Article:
Investors claim that private equity stakes are being sold in an opaque second-hand market at a record pace as asset managers liquidate positions to make up for losses somewhere else and rebalance portfolios.
The recent wave of sales is just one of several indicators of market stress in private markets, and it also shows that investors are starting to lose interest in “alternative assets,” which were only recently bringing in money.
Private investments are frequently organised into funds managed by buyout firms and were originally designed as an illiquid but rewarding way to access unlisted companies. They have grown to include building and infrastructure projects as they have grown in popularity.
Money managers must use a second-hand market that has just exploded because it is difficult to leave such funds before maturity, which is typically at least three years.
Since sales are negotiated discreetly, it is difficult to estimate total turnover, but it is at or close to record levels given the discounts being offered.
According to investment firm Hamilton Lane, private equity shares worth a record $224 billion have been offered on the resale market this year as of mid-November.
Though not all have been sold, analytical company Preqin calculates that the total value of secondary trades through the third quarter was almost $65 billion. This amount is far greater than prior years and is not far from the projected total for 2021 of just over $70 billion.
Market participants claim a number of reasons are influencing sales.
Some investors require money. Market players used the September debt market collapse in Britain as an illustration. Investors had to pay losses and did so by using their private equity assets.
Others wish to use their money in other ways, which indicates that private equity entities are no longer held in such high regard.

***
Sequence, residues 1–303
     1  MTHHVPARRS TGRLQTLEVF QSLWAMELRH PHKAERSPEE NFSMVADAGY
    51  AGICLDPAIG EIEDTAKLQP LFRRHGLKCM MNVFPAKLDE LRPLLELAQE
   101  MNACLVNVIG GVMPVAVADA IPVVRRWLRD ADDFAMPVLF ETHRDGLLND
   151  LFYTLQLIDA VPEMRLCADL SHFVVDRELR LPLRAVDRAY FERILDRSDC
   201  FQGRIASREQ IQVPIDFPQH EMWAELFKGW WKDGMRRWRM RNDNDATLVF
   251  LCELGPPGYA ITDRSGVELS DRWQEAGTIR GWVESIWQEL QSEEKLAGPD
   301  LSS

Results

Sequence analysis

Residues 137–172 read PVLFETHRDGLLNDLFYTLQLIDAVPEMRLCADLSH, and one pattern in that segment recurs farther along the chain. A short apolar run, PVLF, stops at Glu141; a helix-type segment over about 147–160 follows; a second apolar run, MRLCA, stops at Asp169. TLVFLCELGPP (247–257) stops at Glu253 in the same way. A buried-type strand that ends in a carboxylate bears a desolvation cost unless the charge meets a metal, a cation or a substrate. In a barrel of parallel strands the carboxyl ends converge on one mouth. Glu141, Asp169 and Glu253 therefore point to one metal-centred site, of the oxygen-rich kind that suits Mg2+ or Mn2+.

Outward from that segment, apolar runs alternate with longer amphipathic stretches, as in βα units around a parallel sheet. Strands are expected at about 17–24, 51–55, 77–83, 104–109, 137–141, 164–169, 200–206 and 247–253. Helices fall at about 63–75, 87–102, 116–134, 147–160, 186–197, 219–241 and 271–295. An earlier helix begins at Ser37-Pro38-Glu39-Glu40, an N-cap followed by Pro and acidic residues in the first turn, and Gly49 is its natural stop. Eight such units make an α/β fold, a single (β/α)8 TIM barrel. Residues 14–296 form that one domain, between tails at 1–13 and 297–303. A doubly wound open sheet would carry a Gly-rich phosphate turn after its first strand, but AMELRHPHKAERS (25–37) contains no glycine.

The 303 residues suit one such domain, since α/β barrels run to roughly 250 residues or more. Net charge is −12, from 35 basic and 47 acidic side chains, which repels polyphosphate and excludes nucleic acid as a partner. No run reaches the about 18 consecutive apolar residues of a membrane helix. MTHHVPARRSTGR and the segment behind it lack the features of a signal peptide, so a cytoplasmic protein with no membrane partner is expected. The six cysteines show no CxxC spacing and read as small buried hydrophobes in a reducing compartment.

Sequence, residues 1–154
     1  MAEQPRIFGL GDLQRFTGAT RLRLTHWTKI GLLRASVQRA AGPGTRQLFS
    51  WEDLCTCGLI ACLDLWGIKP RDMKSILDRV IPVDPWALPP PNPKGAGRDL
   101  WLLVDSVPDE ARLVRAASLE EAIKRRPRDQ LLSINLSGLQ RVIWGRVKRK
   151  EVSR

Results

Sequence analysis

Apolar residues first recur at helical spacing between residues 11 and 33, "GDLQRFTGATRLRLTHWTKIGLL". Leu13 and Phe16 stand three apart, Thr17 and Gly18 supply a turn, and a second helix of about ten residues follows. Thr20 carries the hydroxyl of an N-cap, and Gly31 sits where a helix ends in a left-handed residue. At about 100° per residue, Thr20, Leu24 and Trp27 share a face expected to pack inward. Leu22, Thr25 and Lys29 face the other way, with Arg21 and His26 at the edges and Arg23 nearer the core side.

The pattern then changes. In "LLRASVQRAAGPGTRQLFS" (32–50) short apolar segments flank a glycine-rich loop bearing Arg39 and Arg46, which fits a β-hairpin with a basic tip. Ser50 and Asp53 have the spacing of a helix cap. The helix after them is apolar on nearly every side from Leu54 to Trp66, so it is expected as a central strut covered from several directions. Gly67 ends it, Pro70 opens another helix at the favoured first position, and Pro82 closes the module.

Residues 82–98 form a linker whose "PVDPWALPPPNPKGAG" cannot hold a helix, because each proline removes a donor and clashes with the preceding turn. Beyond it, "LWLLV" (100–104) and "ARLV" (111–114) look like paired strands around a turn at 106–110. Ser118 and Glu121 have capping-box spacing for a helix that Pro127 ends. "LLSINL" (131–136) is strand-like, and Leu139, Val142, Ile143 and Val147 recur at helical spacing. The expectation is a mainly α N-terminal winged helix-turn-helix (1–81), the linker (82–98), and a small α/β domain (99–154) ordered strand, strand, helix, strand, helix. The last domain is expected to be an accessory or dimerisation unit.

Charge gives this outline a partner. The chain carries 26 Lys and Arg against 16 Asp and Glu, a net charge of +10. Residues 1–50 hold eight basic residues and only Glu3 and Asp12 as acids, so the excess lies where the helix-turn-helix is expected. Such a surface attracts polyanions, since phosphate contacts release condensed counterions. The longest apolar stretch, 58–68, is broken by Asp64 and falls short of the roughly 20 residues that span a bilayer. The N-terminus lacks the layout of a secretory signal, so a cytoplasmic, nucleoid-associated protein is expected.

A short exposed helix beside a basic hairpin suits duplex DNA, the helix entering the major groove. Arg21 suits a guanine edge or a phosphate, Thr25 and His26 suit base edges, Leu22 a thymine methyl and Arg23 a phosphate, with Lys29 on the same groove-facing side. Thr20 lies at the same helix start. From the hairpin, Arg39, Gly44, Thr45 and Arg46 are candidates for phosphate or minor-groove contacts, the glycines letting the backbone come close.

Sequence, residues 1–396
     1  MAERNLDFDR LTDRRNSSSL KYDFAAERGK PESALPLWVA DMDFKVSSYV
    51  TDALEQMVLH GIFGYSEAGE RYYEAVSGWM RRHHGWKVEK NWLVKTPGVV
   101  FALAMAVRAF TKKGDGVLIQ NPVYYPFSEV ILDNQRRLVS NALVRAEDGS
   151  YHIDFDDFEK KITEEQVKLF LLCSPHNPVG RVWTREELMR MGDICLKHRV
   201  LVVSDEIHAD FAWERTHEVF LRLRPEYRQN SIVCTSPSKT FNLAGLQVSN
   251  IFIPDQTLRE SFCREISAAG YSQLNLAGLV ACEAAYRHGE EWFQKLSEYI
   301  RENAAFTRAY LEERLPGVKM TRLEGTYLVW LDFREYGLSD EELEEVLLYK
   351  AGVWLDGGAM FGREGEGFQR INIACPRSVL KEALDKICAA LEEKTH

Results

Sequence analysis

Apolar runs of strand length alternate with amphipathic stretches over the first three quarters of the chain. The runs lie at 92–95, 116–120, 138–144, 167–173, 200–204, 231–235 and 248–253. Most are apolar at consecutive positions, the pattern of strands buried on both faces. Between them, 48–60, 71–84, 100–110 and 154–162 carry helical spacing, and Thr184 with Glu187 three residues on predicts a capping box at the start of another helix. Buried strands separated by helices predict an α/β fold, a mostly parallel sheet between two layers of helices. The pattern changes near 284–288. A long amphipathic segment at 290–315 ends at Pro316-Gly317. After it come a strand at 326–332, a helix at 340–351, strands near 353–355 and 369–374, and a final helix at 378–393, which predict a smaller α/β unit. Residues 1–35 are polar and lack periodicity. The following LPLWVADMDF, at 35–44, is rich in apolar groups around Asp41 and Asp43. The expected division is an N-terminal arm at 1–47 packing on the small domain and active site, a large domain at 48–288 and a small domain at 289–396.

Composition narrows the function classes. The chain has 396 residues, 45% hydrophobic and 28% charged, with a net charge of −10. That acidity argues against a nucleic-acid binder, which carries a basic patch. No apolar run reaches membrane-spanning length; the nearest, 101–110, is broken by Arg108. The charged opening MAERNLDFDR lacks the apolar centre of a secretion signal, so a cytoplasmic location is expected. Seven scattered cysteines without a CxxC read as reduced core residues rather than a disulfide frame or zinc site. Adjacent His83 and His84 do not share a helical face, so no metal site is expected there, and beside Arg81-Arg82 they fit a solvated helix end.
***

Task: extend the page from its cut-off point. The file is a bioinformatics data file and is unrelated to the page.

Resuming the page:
Then there are funds for pensions that are compelled to leave because they must adhere to the limits on the allocations they can make to such investments. They are some of the top sellers.
As per Alistair Watson, the lead of strategic innovation for private equities at fund manager abrdn, there aren’t many options if the allocation aim is 5% and there is suddenly a kind of reasonable market value sitting at 10%.
When private equity funds outperform public markets, as they have this year, the desire to sell in order to rebalance the portfolio may arise.
The problem is that when someone tries to sell assets rapidly to fix goal allocation, they typically do so during a time of volatility, so a secondary price might not be the best, according to Watson.
In more stable times, buyers often obtain modest discounts from book value, but recently, these have drastically increased.
A portfolio would typically trade at a discount of 1–2% from book value. According to Jan Philipp Schmitz, lead of Germany and Asia at Ardian, one of the major players in the private equity secondary market, these premium portfolios are currently trading at double-digit discounts.
He said that buyers can be highly choosy.
Numerous private investments, which are normally appraised every three months, seem to have performed exceptionally well this year. However, there are indications that public opinion is shifting.
According to a story in the Financial Times, American acquisition firm Carlyle Group is having trouble reaching its fundraising goals.
Additionally, there is withdrawal pressure on the widely held unregistered Blackstone real estate trust, which has increased in value this year. After redemptions reach certain restrictions, withdrawals are prohibited.
Nevertheless, many people are content with their private investments.
Man Juttijudata, the deputy secretary general of the renowned fund’s investment strategy & external fund management group, noted that Thailand’s government pension fund, for instance, allowed the percentage of its portfolio decided to invest in private assets to increase from about 5% nearly a decade ago to about 18% to 20% today.